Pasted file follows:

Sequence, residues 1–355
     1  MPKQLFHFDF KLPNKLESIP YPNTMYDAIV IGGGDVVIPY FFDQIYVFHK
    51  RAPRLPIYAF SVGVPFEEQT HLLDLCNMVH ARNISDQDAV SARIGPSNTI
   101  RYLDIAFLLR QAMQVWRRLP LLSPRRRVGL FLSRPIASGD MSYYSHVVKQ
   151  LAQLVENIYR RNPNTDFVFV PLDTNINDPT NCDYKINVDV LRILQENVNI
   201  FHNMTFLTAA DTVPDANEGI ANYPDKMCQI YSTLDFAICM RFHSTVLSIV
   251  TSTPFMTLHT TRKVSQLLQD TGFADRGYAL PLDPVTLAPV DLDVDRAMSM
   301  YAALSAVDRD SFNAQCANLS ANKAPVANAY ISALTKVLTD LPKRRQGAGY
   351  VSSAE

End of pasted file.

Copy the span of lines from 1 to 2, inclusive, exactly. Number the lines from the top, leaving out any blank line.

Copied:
Sequence, residues 1–355
     1  MPKQLFHFDF KLPNKLESIP YPNTMYDAIV IGGGDVVIPY FFDQIYVFHK